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And in no time he emerged, long white fringe hanging from his black leather mask and a barbed wire pattern running down his sleeves, pants and the underside of his rhinestone-filled hat. Peck didn’t lack for glamor on the main stage, right down to his golden microphone.

Surrounded by his polished band of four musicians all wearing cowboy hats, they hit in great form with Daytona Sand, the first track from his new album Bronco.

It’s a fantastic opener for the album and its Friday night set, making a thunderous galloping entrance that commands attention.

Peck switched from hollowbody electric guitar to acoustic guitar for The Curse of the Blackened Eye also by Bronco, a song he sent to anyone who felt mistreated.

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While her voice rivals the best in the west and her unusual backstory is equally enticing, her contemporary history colors her brand of country music and she pleases everywhere – the tens of thousands of people standing, stomping and grooving testified of this.

“There’s some good moves there, I see it,” he said before explaining what a patter song is. Using Johnny Cash’s I’ve Been Everywhere as an example of the fast, rhythmic pattern incorporating monosyllabic notes, he introduced his own, Any Turn.

“If you don’t know, you better dance,” he snapped, and the hill happily obeyed. His punk rock background shone through here and made that quick clap a breeze.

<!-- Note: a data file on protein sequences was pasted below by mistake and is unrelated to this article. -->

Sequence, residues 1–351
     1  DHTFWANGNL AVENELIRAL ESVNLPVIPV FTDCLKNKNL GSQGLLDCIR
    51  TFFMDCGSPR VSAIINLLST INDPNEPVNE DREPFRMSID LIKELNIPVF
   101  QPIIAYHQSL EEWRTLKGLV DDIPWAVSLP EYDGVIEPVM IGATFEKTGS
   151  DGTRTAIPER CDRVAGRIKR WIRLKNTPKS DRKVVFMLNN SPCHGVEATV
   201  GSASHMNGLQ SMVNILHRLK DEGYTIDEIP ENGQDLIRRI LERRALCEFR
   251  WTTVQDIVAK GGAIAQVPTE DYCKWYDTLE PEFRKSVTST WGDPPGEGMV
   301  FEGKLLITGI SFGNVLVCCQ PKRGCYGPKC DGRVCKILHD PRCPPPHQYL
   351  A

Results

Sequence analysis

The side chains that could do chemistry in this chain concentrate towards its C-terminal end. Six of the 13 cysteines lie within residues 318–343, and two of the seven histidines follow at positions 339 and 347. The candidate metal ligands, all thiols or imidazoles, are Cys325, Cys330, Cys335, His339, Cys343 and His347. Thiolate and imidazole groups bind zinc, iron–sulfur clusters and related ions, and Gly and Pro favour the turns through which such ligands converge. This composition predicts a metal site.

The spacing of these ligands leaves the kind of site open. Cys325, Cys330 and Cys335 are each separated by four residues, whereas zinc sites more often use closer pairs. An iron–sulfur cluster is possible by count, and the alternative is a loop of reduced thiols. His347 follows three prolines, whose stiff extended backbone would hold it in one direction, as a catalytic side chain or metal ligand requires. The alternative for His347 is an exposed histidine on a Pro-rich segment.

Her 2020 EP Show Pony features … Legends Never Die, a song about the importance of individuality that Peck recorded as a duet with Shania Twain. Here, her bandmate Bria Salmena contributed her low, smoky voice, a terrific foil to Peck’s wealth.

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Bronco’s title track closed the set and the band disappeared with a goodbye. But the hill stopped almost at capacity, patiently waiting for Peck to answer the cheers and return.

He did, but before he could enter the outstanding, an impersonator hopped onstage to say hello. Peck looked genuinely surprised and commented that the fringes on the stranger’s mask were even the same color.

“It’s like looking into a very dark mirror,” he joked, before learning the man’s name was Paul and wishing him good night.

Then he shouted to the crowd asking who was seeing him for the first time – despite playing in Edmonton just a few years ago, the crowd erupted in delight.

Peck agreed to play one more, The Iron Hood Cattle Call, and insisted it was like a right of passage for the fans.

“It’s like an induction into the Orville Peck gang, but you have to participate,” he said, giving the crowd the chance to whistle, sing, dance, hum, whatever, just participate.

And they gladly agreed because Peck produced all the energy one could want for a grand finale. And fitting a quick intro from his band in the final moments, they ended it in style, he bid the crowd good night.